EEB grad student Mariano Rodriguez-Cabal was just awarded an NSF DDIG fellowship for his PhD work on invasion ecology in Patagonia:
DISSERTATION RESEARCH: Direct and indirect effects of invasive species on plant-seed disperser mutualisms.
Many plants rely on fruit-eating animals to disperse their seeds. This interaction benefits both the plant and the animal and is therefore termed a mutualism. Because seed dispersal can determine the abundance and range of the plant, seed dispersal mutualisms can benefit other species that use the plant for food or shelter and thus affect patterns of biodiversity across the landscape. The introduction by humans of new species into a habitat can disrupt seed dispersal mutualisms, but we know little about such disruptions may affect other, interrelated species. This project will test the larger ecological effects of disruption of an important seed dispersal mutualism in the northern temperate forests of Patagonia in Argentina. The mistletoe Tristerix corymbosus is the sole winter nectar source for the hummingbird Sephanoides sephaniodes, which remains in the region year-round and is in turn responsible for the pollination of nearly 20% of the endemic woody flora in the region. The seeds of the mistletoe are dispersed exclusively by the marsupial Dromiciops gliroides. After passing through the gut of the marsupial, most of the defecated seeds stick to branches of maqui, Aristotelia chilensis, the most abundant understory shrub in the forest and the most common host for the mistletoe. Because of these close ecological relationships, exotic species that reduce the density of maqui could also reduce the abundances of the mistletoe, the hummingbird, and the marsupial, changing the forest as a whole. This project will test the effects of the exotic wasp Vespula germanica and of exotic ungulates on maqui populations and on the linked species in the forest.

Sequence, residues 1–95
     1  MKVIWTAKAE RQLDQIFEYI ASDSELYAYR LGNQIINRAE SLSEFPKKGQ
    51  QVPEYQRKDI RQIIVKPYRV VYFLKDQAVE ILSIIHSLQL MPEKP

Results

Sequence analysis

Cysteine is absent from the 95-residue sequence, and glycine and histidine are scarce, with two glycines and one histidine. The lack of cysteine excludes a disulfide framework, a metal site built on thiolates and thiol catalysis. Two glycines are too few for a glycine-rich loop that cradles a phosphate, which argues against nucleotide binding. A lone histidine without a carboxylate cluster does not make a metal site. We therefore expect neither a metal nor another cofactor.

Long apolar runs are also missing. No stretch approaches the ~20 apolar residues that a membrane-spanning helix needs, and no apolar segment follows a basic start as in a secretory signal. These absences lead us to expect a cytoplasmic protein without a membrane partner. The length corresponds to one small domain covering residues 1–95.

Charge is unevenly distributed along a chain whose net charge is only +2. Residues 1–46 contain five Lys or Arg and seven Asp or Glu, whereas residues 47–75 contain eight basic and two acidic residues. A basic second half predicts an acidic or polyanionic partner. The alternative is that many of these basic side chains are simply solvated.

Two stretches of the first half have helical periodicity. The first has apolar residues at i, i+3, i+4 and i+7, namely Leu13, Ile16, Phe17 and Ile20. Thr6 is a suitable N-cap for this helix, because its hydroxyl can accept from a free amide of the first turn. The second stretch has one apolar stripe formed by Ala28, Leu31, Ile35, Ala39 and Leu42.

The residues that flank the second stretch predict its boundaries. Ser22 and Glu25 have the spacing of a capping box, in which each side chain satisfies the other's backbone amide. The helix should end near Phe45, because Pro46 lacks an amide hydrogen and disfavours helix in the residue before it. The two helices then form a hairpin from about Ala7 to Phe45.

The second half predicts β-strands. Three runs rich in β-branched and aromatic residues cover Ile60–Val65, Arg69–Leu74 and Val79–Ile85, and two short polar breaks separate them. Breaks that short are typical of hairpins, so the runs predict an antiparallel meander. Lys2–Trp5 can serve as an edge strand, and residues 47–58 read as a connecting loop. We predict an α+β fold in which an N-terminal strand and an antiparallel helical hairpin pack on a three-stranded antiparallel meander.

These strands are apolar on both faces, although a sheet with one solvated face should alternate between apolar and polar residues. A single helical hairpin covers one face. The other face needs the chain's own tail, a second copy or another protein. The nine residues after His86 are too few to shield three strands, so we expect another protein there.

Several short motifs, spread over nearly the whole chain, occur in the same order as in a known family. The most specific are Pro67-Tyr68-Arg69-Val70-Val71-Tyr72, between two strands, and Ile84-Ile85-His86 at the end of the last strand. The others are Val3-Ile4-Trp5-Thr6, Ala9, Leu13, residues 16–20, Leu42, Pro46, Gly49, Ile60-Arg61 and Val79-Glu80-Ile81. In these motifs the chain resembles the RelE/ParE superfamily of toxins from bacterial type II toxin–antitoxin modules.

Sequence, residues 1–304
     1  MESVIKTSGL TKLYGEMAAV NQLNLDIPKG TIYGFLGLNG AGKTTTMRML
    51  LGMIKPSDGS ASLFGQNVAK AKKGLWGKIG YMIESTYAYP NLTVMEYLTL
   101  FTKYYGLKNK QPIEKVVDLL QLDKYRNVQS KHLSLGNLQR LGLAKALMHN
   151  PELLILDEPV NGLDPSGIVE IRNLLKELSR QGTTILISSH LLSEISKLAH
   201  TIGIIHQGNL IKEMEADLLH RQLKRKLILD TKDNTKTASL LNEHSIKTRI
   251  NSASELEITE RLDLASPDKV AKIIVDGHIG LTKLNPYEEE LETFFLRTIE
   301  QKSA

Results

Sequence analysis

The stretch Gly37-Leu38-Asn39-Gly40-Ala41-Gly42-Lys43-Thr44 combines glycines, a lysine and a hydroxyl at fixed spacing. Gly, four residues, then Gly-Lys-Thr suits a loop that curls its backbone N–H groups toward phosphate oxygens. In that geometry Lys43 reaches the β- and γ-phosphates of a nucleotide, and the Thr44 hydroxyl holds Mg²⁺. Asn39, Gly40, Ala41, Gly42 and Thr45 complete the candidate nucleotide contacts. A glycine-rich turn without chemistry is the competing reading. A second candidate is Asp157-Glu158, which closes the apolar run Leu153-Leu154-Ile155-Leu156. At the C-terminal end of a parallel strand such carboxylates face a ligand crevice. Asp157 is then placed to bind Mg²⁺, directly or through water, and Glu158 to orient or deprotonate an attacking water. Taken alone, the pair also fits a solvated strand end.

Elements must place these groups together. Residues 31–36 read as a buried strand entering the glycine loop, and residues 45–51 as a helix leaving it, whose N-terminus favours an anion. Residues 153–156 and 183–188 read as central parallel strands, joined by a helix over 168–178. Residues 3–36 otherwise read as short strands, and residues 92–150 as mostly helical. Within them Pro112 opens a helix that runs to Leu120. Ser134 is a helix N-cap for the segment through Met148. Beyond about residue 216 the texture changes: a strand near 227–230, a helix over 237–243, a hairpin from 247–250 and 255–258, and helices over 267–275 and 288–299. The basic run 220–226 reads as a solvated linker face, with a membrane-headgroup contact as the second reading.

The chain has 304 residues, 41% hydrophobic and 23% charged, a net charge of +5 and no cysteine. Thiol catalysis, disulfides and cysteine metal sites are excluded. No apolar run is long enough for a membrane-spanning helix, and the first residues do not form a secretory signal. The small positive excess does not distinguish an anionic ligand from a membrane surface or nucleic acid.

Conservation of biological diversity is important to human society, and one of the major threats to biodiversity are the accidental and intentional introductions of new species around the world by humans. This research will further our understanding of how introduced species can affect biodiversity and help guide management to conserve diversity. The research will also strengthen international scientific collaboration and training.